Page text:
Pancreatic cancer signs and symptoms to look out for
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Pancreatic cancer is the fifth most deadly cancer in the UK, accounting for around 9,000 deaths every year. It also has one of the lowest survival rates among common cancers, lowest survival rates, with seven percent of patients living for five years after diagnosis. Therefore spotting the signs as early as possible could be life saving.
The pancreas is a gland located behind the stomach that acts as part of the body’s digestive system.
It works to create enzymes that break down sugars, fats, proteins, and starches.
Symptoms of pancreatic cancer, though, might not relate to parts of the body that you would expect.
For example, one 54-year-old patient experienced “progressively worsening” left shoulder pain as his first symptom of pancreatic cancer.
A case study, published in the American Journal of Gastroenterology, explained: “A 54-year-old Caucasian male presented to the emergency department with a chief complaint of progressively worsening left shoulder pain that had been ongoing for the past three weeks.
“He described the pain as initiating in his left shoulder radiating down his arm, worsening with movement and improving with rest.”
It was initially mistaken for something else.
“He had been evaluated by his primary care provider a week before presentation, was thought to have a muscle spasm, and was prescribed a muscle relaxant,” the case study said.
“The pain progressed despite muscle relaxant administration and he noticed weakness developing in his left extremity.
“He denied any trauma to his shoulder, any numbness or tingling, or any similar symptoms in the past.”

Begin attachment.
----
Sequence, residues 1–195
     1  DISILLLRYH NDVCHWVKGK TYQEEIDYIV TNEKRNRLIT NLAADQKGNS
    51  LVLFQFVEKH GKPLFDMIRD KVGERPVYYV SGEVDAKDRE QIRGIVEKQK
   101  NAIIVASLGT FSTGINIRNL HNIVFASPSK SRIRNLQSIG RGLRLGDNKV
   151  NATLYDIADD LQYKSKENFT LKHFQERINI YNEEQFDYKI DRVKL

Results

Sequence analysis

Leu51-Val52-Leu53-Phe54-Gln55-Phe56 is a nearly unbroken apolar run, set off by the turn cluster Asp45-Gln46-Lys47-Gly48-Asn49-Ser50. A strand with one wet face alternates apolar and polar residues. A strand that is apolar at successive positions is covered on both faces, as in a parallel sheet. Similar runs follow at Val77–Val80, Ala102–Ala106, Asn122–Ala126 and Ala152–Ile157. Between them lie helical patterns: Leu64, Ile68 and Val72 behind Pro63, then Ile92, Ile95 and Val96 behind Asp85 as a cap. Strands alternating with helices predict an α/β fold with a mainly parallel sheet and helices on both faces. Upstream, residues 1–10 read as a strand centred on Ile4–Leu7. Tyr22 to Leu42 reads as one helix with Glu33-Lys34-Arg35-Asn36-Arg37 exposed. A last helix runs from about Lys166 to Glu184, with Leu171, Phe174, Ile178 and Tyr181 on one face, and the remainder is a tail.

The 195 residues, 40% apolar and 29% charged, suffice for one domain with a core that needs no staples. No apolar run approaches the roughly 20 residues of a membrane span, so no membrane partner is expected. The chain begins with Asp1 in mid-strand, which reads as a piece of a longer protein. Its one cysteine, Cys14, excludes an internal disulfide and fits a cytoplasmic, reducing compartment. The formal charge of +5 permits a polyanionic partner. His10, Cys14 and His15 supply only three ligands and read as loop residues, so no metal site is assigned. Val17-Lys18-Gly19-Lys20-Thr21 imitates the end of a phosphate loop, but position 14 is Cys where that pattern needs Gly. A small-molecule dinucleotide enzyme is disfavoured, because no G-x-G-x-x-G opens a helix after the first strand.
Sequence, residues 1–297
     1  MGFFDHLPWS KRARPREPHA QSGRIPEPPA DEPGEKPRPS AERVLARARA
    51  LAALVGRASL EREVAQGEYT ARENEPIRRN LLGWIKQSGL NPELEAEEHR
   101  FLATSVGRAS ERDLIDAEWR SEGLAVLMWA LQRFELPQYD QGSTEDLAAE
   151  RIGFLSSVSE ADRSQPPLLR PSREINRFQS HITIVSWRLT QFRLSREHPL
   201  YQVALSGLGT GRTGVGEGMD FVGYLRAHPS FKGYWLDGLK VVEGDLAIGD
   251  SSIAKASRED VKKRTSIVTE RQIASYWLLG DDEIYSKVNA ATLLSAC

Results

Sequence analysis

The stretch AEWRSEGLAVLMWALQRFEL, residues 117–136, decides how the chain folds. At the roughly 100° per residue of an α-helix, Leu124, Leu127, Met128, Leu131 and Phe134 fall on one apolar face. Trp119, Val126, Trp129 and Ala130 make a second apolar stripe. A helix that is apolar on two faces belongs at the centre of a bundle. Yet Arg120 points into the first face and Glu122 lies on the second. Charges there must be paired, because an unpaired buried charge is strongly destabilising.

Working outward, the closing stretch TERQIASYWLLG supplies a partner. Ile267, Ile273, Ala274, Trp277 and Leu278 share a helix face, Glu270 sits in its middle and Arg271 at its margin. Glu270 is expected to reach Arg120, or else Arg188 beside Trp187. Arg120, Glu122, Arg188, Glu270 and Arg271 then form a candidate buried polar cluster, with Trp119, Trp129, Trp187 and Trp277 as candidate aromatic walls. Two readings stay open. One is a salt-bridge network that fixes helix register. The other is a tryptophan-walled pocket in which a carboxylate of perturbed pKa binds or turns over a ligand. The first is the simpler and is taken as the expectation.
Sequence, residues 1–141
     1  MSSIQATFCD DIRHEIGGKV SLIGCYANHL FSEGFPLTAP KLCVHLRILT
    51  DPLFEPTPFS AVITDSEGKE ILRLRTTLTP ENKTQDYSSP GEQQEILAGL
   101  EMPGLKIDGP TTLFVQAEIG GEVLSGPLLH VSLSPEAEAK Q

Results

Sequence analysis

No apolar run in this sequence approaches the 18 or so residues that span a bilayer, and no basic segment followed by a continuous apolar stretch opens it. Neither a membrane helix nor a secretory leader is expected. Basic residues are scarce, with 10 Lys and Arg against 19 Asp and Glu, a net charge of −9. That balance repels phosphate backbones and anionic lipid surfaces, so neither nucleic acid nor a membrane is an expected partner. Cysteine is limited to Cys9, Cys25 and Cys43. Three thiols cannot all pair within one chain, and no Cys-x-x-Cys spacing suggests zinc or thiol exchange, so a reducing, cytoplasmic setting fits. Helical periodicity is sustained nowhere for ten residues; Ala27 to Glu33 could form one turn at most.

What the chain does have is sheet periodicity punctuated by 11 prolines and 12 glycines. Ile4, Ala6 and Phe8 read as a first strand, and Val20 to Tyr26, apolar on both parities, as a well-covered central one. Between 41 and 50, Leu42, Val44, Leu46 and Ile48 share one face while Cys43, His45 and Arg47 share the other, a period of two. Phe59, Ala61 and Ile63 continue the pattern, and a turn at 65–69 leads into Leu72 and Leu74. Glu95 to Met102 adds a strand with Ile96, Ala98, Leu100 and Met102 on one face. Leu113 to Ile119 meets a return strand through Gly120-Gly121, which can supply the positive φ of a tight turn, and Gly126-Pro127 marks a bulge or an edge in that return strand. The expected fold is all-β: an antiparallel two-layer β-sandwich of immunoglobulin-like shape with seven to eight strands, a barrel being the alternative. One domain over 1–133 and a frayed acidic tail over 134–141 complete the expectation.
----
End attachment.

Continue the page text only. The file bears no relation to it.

A physical examination revealed he was unable to abduct his left shoulder and had “diminished” strength.
An MRI scan showed he had a vertebral body lesion – a type of spinal tumour – that was “likely” compressing a nerve and causing the pain.
This was followed by a CT scan and biopsy that confirmed he had pancreatic cancer.
It had metastasised, meaning it had spread to other parts of the body.
The study said: “Oncology service was consulted. They felt that he would not benefit from chemotherapy, given the grave diagnosis of metastatic pancreatic cancer.
“He subsequently underwent palliative radiation to the C5 lesion.”
However, he died just three months after his diagnosis. The study explained that the lesions on his vertebrae were a common sign of the disease.
“The spine, in the form of vertebral metastases is the most common site of skeletal metastasis of pancreatic cancer,” it said.
“Bone pain, pathological fractures, and hypercalcemia are possible symptoms of skeletal metastases. Early diagnosis and treatment for bone metastases are important to maintain quality of life.”
According to Cancer Research UK, symptoms of pancreatic cancer include:
- Pain in the stomach area or back
- Yellowing of the skin or whites of your eyes (jaundice)
- Unexplained weight loss
- Changes to your poo (stools)
- Fever and shivering
- Blood clots
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